This policy reacts to the dealer's advantage. It relieves him of the installation problem, and assures the customer of specialized and intelligent service and gives the dealer greater confidence to make sales. Poor installations have spoiled more sales than poor receivers.
Every radio dealer, car dealer, and automotive service station can sell auto radios. It is an excellent sales item for the radio dealer in the spring and summer months, when the sale of household receivers is slow.
Auto radio is gradually taking a prominent place in the radio industry. Practically all the leading manufacturers are now marketing receivers for this purpose. Although auto radio was originally introduced for pleasure cars, it's field is rapidly expanding, and there are unlimited opportunities for this business.
The thousands of buses in use throughout the country in themselves constitute a sizable market. Anyone who has ridden any distance by bus, can appreciate this. A little entertainment or current news flashes go a long way to break the monotony of an otherwise tedious ride. Very little effort has been made, however, to sell this market. We will admit that the general run of equipment has not been up to standard for this type of service. With the introduction of superhetrodyne receivers, special tubes, greater output with less current drain, and dynomotors for plate current supply, this business can now be gone after with greater confidence. Buses equipped with radio are given preference by the public and are also in demand (or private charter.
Taxicabs constitute another prospective market. Such installations can be arranged so that the set can only be used when a fare is in the car. Much more headway has been made in Europe along this line than in this country.
If a radio is appropriate in an automobile, it certainly is at home in a motor boat. Household receivers are not adaptable to this use and do not give consistent service when used aboard ship. Automobile receivers are better able to stand the rigors of this type of service. The one drawback is that while present-day radios are fine for speed boats, and runabouts, they are not quite adaptable for the small cruisers, due to the mounting arrangements and types of control used. The small cruiser constitutes the greatest market.
There is an opportunity for some enterprising manufacturer to market a set to fill this need. Such receivers should be similar in type to the present-day midgets, but built to withstand the corrosive effects of salt air and dampness. Provision should also be made for additional speakers. Motorboat builders and dealers are waiting for such a receiver. The radio mariner in coastal waters can set up a loop antenna with such a receiver and have an excellent direction finder.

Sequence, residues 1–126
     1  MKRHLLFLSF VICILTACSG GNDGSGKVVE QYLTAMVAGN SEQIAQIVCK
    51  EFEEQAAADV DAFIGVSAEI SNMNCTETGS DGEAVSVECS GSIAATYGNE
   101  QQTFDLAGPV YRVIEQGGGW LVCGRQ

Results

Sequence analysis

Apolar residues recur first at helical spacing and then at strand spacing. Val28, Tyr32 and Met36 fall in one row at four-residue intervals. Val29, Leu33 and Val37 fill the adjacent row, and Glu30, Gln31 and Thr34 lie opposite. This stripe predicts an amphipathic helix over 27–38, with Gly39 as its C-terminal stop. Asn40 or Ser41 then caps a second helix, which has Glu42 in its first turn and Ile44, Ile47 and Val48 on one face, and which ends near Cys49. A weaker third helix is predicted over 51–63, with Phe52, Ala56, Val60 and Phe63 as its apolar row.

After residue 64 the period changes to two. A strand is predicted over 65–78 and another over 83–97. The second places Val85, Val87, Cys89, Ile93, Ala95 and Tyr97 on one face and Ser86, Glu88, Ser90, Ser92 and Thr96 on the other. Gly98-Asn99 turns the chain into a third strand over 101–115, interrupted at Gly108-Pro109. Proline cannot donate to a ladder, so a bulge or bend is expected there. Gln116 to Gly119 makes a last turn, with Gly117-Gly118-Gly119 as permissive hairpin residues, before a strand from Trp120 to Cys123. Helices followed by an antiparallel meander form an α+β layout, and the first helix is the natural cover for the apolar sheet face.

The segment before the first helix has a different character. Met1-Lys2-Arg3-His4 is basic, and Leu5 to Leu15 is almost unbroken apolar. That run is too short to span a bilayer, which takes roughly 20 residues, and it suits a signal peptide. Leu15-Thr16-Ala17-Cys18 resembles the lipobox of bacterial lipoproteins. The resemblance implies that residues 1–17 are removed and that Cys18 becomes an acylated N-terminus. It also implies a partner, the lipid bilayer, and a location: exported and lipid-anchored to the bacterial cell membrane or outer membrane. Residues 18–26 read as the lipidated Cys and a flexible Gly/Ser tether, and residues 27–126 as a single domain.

Auto radio has made more progress from an engineering standpoint in the last eighteen months, than in the previous three years of its history. This is largely due to the cooperation of the accessory manufacturers in designing special tubes, batteries, generators, condensers, etc.
In selling or installing radio sets in cars or boats one should not overlook the advantages offered by the auto B eliminators, a number of which have been placed on the market within the past few months. Equipped with one of these units, the auto radio is as trouble free as the home receiver. The A battery, of course, requires no special attention so far as radio is concerned, as that is of necessity kept in proper operating condition at all times anyway. The extra drain imposed on it by the radio is slight, but even this can be compensated for by increasing the charging rate at the car generator. The use of a B eliminator, depending on the car storage battery for its supply source, not only eliminates the B battery replacement nuisance, but most of these eliminators require less than half the space required for B batteries of the same total voltage. One can be mounted in any spare space in or beneath the car.
In this connection it is well to make sure before buying any particular make of eliminator, that it will work with the receiver which is to be used. Tests have shown that some of the eliminators on the market are noisy with certain receivers but quite satisfactory with others. Other eliminators, on the other hand, work satisfactorily, with any receiver. Some auto receiver manufacturers have tested various eliminators and are therefore in a position to recommend the most satisfactory eliminators for use with their equipment. On the whole, there is now some excellent auto radio equipment on the market and it is worth looking into. What was yesterday's luxury is fast becoming tomorrow's necessity.
Posted July 9, 2014